In explaining the case for not cutting rates, Poloz said, “we must be mindful of the risk that a further rapid depreciation could push overall inflation higher relatively quickly.  Even if this is temporary, it might influence inflation expectations.”

Poloz offered no guide as to the appropriate level of the exchange rate and when asked whether the recent sharp fall was a cause for alarm, he argued it was consistent with the fall in oil prices.

We conclude that the BoC has no qualms with further declines in the CAD, especially if they occur in response to weaker oil prices, but would prefer them to happen more gradually than seen in recent weeks.

One thing that comes through in the statements on Wednesday, is that the Bank of Canada has adopted the best case scenario for its own, the USA and world economies’.  It presumes the weak Q4 growth at home and the USA were temporary hiccups.  I guess if you are not cutting rates, you have to present the best case scenario to justify it.  You might say the Bank put lipstick on this pig in its opening remarks.  But delving deeper in the Monetary Policy Report reveals a lot more of the muck in the sty.


Optimistic base case for the USA and Global Economy

As far as the USA economy goes, The Bank of Canada would have you believe it is all rosy. Just ignore the weak Q4 as an aberration.  It said, “Recent data indicate a softening for the fourth quarter that is not expected to persist, given strong underlying fundamentals. Labour income has benefited from robust employment gains, which averaged 221,000 per month over 2015. Consumer confidence has hovered near post-recession highs. Responses to business surveys suggest that a growing number of firms plan to raise wages over the next three months. Improving labour income and lower gasoline prices have supported private domestic demand, as reflected in near-record-high vehicle sales, robust residential construction and strong business investment outside the commodity-related sectors.”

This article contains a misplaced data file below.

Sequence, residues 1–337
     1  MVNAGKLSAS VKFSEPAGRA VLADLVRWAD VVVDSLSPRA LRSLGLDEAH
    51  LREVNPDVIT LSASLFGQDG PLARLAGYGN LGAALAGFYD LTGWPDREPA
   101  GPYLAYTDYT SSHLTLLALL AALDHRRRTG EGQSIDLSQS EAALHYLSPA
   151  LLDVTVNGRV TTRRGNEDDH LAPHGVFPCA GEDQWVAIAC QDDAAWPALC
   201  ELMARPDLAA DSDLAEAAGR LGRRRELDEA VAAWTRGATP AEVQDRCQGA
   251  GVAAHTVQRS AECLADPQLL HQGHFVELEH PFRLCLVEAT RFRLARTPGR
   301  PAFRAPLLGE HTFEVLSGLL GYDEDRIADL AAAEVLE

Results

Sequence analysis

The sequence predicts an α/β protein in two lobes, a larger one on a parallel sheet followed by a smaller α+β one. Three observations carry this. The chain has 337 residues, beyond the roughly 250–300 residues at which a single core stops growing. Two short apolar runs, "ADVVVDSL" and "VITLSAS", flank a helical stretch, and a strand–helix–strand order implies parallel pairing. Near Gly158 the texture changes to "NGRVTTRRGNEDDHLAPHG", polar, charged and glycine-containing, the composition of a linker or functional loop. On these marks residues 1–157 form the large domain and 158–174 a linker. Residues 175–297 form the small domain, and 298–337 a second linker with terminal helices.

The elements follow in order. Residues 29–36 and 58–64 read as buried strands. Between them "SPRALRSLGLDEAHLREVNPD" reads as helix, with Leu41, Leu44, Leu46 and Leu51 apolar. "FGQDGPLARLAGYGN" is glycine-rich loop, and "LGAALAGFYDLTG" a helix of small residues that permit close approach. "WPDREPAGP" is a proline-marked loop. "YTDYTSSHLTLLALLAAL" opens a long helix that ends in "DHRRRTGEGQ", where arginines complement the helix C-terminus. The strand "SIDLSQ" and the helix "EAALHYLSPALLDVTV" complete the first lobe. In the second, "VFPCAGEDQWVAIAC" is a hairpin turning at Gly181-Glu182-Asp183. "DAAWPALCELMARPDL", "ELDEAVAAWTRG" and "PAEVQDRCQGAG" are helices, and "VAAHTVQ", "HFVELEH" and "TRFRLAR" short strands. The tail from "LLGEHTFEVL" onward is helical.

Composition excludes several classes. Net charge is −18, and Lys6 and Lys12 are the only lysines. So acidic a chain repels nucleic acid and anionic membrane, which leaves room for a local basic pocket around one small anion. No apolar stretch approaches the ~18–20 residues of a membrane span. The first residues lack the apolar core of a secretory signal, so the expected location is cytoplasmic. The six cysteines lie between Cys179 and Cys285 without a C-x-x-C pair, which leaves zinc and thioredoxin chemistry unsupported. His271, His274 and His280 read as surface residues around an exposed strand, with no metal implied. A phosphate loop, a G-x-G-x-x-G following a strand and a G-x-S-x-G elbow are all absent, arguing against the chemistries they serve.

“The softness in the fourth quarter of 2015 reflects, in part, the effects of temporary factors (e.g., a sharp weather-related decline in utilities consumption, new mortgage regulations) as well as slower growth in some areas of the economy that had been strong in the first three quarters of the year.

“The Bank expects the U.S. economy to grow at close to 2 1/2 per cent over 2016 and 2017, with private domestic demand buttressed by the improving labour market, low gasoline prices and still-low interest rates. The headwinds from the global economy are expected to diminish over the projection horizon.”

However, the bank did admit that demand from USA had not been, and may not be, all it’s cracked up to be.  The Bank said, “While lower oil prices are providing some boost to consumption, recent data suggest that consumers are saving more of their income gains than expected. Lower commodity prices are also expected to lead to even weaker U.S. investment in the oil and mining sectors during 2016, a factor that is significant for Canadian exports.”



(charts extracted from the Bank of Canada Monetary Policy Report, January 2016)